Machine Learning Tutorial #4: Creating the Timing Files


Once we have created a template, we will need to change the timings for each run. Each subject in the dataset has 12 timing files in their func folder, corresponding to each run of functional data. For example, the first few lines of the file sub-1_task_objectviewing_run-01_events.tsv in the folder sub-1/func looks like this:

onset   duration        trial_type
12.000  0.500   scissors
14.000  0.500   scissors
16.000  0.500   scissors
18.000  0.500   scissors
20.000  0.500   scissors
22.000  0.500   scissors
24.000  0.500   scissors
26.000  0.500   scissors
28.000  0.500   scissors
30.000  0.500   scissors
32.000  0.500   scissors
34.000  0.500   scissors
48.000  0.500   face
50.000  0.500   face
52.000  0.500   face
54.000  0.500   face
56.000  0.500   face
58.000  0.500   face
60.000  0.500   face
62.000  0.500   face
64.000  0.500   face
66.000  0.500   face
68.000  0.500   face
70.000  0.500   face

According to the Haxby et al. 2001 paper, each condition lasted for 24 seconds, and this is reflected in the Duration field that we specified in the last chapter. We will therefore need to extract the first onset time for each condition for each run, and concatenate them into a single timing file per condition. Later, we will use this timing file to fill in the remaining fields of our script.

The following code will extract the first onset time for each condition automatically, looping over all of the subjects in the dataset. You can either copy and paste this into the terminal, first making sure you are in the directory Haxby_Data that contains all of the subjects; else, you can copy it into a file, name it, and run it by typing bash

for subj in sub-1 sub-2 sub-3 sub-4 sub-5 sub-6; do
  cd ${subj}/func
    for cond in bottle cat chair face house scissors scrambledpix shoe; do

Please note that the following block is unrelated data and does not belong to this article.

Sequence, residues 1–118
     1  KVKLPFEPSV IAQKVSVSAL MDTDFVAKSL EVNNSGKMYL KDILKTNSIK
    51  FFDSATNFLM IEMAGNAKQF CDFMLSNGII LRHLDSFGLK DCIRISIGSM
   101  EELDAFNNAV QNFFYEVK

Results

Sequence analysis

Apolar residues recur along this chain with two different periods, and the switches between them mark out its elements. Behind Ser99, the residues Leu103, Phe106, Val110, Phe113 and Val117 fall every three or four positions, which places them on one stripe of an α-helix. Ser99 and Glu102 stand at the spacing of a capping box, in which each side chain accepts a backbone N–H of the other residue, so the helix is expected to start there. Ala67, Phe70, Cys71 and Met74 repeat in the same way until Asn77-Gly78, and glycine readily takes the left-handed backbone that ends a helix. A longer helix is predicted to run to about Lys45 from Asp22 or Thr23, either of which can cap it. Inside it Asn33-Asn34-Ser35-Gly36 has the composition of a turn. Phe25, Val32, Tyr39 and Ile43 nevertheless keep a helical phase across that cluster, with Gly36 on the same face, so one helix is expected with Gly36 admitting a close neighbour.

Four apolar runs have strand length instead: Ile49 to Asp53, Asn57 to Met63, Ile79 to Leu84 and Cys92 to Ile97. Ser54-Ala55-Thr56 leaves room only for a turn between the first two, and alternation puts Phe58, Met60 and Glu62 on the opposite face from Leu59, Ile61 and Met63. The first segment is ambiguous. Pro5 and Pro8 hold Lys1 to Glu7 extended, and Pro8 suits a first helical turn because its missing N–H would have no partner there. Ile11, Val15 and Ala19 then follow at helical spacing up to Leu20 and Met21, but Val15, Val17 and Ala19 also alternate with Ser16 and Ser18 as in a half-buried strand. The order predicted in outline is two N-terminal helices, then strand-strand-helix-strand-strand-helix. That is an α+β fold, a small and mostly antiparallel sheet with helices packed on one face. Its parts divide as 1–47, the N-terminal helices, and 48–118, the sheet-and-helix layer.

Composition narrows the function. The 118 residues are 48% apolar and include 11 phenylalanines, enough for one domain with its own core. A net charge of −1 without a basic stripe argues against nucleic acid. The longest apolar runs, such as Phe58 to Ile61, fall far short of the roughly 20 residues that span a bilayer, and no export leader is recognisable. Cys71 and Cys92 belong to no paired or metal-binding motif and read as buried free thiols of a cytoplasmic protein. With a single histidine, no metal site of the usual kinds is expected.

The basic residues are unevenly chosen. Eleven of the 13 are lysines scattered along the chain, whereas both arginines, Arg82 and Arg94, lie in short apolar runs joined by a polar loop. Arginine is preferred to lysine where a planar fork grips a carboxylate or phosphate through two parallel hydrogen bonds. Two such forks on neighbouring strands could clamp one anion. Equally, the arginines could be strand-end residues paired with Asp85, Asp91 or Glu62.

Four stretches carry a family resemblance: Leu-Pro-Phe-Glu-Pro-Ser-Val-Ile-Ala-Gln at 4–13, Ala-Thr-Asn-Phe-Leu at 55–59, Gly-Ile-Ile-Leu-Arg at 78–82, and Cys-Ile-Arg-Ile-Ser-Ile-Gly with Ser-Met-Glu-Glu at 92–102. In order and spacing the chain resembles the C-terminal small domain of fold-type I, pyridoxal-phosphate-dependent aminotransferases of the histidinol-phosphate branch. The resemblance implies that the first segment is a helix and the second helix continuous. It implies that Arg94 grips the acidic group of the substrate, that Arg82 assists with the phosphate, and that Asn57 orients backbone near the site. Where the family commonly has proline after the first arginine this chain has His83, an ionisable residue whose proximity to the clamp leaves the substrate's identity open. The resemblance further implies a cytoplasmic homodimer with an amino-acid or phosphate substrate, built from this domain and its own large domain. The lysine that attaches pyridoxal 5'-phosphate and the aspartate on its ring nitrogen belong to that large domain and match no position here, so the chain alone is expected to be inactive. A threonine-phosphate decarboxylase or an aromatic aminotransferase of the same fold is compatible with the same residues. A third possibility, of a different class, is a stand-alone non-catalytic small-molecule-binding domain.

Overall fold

if [ -f "$cond.txt" ]; then
        rm ${cond}.txt
          for i in `seq -w 1 12`; do
                  cat ${subj}_task-objectviewing_run-${i}_events.tsv | awk -v i="$cond" '{if ($3==i) print $1}' | head -1 >> ${cond}.txt
  cd ../..

(Note that errors for subject 5 run 12 are expected, and will be dealt with later.)

This will generate files labeled bottle.txt, cat.txt, and so on, one for each condition, and place it in the appropriate subject’s func folder. The contents of sub-1’s bottle.txt file, for example, will look like this:


Note that these onset times are relative to the start of each run. For example, the first value of 228.000 means that the “bottle” condition occurred 228 seconds into the first run; the next value indicates that 192.000 seconds into the second run was when the “bottle” condition was next presented; and so on.

Modifying the Script

In the previous chapter, we created a template script from the SPM GUI and labeled it Haxby_Script. This created two separate scripts, Haxby_Script_job.m which contains the SPM code that runs all of the commands specified in the GUI, and Haxby_Script.m, which contains the command spm_jobman which executes the file Haxby_Script_job.m. We will be editing the latter in order to read the timing files that we just created; to open it, from the Matlab terminal type open Haxby_Script_job.m (or click the Open button and select the script).